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Human Trafficking May Have Helped Put That Seafood on Your Table

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Unpaid and brutalized workers (read: slaves) are commonplace in Thailand’s fishing industry, creating a human trafficking concern.

Thanks to a report from the Environmental Justice Foundation (EJF), as well as a riveting TIME.com article, public awareness of child slavery, unlicensed fishing boats and the denial of basic human rights in the Thai fishing sector is increasing.

The Great Britain-based EJF is pushing for accountability to stretch entirely from “net to plate,” and ensure that the end result (tuna fish, shrimp, or other seafood sold to America and Europe) is not tainted with the blood, sweat or tears of undocumented workers receiving horrible treatment and unqualified working conditions.

Thailand's Fishing Sector By the Numbers

Thailand's Fishing Sector By the NumbersTotal Thai seafood exports in 2011: $7.3 billion.

Thai seafood imports by European Union in 2012: $1.15 billion.

Thai seafood imports by United States in 2013: $1.6 billion.

Source: EJF

RELATED: Why You Should Care About a New Saltwater Fisheries Report

Thailand, which is the number three largest seafood exporter on the globe, provides mostly shrimp, squid, tuna and sardines to the rest of the world, but has apparently been doing so without the consideration of human rights. Citizens of Cambodia, Laos and Burma are most often victimized through the Thai fishing sector, which has come to rely heavily on trafficked and forced workers.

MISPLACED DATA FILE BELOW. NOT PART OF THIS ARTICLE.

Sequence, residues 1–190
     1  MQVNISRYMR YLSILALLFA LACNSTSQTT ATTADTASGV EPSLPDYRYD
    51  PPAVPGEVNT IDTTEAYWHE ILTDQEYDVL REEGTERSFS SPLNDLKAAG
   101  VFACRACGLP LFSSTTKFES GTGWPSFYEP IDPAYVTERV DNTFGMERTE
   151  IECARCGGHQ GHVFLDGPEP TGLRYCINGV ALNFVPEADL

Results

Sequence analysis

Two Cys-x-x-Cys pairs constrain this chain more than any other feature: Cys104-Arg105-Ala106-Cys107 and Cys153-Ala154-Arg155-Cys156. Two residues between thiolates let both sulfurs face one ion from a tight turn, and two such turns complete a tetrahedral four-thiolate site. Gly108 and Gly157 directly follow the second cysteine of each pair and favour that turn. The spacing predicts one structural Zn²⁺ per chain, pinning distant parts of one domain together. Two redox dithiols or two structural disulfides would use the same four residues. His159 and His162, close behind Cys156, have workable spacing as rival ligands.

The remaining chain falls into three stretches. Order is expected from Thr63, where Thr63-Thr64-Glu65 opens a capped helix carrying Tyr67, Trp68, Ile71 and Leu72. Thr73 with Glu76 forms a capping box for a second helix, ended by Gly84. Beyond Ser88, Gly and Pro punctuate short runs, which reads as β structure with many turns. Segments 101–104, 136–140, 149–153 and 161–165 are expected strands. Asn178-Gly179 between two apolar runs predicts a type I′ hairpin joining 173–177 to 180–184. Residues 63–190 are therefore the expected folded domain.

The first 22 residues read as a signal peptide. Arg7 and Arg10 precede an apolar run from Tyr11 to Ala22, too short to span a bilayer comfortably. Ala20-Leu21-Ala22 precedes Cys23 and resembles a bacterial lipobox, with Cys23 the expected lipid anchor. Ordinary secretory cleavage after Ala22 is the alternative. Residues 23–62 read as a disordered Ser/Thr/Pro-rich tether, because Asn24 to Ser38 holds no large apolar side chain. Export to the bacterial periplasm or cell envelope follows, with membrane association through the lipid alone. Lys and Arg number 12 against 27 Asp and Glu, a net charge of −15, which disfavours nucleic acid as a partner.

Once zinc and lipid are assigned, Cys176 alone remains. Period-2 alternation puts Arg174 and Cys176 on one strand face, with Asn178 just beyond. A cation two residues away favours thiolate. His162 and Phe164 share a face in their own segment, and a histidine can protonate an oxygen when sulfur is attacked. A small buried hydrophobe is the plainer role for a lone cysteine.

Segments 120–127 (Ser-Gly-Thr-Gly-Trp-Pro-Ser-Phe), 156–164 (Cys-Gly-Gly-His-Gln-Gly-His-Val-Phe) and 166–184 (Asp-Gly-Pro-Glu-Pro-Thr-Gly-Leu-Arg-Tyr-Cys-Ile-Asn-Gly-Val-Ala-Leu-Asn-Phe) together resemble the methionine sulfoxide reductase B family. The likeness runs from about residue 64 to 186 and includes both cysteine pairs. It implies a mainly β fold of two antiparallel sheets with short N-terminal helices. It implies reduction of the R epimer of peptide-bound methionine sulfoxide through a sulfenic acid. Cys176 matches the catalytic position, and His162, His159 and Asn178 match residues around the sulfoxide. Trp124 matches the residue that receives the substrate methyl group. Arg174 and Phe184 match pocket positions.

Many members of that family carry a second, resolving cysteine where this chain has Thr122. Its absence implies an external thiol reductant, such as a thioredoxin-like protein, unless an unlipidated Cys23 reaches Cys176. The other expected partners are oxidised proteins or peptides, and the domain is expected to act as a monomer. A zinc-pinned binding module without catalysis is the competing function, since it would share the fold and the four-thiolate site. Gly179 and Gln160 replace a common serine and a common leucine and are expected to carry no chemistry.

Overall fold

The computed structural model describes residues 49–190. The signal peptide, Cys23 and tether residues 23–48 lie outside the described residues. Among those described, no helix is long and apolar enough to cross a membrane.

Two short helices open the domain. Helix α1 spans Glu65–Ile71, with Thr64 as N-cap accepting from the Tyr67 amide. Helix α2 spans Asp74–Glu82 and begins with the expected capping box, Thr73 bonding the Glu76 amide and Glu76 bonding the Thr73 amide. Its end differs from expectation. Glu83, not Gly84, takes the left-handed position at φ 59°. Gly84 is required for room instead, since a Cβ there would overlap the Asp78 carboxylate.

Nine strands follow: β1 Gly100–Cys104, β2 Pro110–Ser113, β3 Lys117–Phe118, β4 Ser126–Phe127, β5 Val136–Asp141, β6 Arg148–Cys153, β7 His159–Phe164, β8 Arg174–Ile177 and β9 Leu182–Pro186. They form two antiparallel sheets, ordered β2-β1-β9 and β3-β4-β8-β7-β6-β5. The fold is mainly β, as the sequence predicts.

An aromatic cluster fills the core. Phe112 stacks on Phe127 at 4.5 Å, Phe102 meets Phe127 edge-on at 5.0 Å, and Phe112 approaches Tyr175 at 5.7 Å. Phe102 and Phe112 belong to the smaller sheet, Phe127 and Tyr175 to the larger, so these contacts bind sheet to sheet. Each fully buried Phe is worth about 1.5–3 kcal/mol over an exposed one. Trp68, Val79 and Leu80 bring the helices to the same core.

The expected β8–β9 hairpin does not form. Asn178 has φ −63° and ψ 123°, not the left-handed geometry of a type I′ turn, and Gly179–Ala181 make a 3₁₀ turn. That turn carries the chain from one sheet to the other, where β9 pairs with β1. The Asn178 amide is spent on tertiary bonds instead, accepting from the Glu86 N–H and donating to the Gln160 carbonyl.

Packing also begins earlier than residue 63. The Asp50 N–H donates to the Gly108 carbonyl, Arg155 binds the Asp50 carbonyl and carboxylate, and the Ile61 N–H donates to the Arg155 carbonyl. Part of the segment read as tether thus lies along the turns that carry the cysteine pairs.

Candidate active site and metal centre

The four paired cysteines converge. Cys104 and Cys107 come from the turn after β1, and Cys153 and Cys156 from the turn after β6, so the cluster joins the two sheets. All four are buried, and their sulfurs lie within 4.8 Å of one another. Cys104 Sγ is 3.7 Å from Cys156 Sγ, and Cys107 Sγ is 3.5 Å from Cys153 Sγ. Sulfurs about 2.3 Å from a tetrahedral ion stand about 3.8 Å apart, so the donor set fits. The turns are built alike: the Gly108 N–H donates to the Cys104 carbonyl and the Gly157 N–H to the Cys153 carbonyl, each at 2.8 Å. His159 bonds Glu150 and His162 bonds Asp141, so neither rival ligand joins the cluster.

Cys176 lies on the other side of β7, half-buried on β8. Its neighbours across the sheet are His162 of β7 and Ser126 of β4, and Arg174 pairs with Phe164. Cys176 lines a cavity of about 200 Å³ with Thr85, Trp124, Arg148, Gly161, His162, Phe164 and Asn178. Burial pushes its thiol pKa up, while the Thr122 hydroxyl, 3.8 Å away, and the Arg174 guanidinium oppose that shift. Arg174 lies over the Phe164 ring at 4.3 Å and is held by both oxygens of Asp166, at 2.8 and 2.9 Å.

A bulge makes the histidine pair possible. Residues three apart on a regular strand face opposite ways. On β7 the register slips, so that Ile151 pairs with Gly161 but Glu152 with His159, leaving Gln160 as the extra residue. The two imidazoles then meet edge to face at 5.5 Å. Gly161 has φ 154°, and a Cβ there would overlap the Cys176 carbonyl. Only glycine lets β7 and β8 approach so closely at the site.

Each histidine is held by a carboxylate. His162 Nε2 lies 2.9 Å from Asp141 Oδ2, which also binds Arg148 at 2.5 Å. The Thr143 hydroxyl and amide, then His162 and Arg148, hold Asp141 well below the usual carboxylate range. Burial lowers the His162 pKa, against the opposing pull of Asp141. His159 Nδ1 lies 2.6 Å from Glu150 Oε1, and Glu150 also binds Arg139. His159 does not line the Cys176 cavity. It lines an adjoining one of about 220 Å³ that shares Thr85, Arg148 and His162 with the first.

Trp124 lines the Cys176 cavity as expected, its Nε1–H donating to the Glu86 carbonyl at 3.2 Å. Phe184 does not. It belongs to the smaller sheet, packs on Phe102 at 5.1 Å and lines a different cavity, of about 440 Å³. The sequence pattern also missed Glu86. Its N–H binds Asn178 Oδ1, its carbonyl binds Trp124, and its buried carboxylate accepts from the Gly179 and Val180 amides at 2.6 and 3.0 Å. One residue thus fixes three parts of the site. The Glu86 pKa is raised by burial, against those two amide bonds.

The 40-page Slavery at Sea report from the EJF requests that the Thai government, international community and seafood consumers recognize the urgency of the problem and require changes.

Stories surfaced of migrant workers promised jobs and passage to Thailand, only to be forced onto boats without seeing land for years in a cruel debt repayment. Illegal labored fishermen who are rescued may still end up incarcerated.

The Thai government is said to be addressing and trying to fix the issue, but experts feel the ultimate factor in slowing, and even stopping, human trafficking in the fish industry relies on the actions of the consumer.

MORE FISHING STORIES: High School Senior Pays Big Price for Unknowingly Having Father’s Fishing Knife in Car

Interest and concern for where food products come from is of utmost importance if the forced labor workers on the Thai fishing boats ever stand a chance.

How much do you care, or even think about, where your food comes from? How important is this concern to the ultimate reasons you hunt or fish? Leave your thoughts below.

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Human Trafficking May Have Helped Put That Seafood on Your Table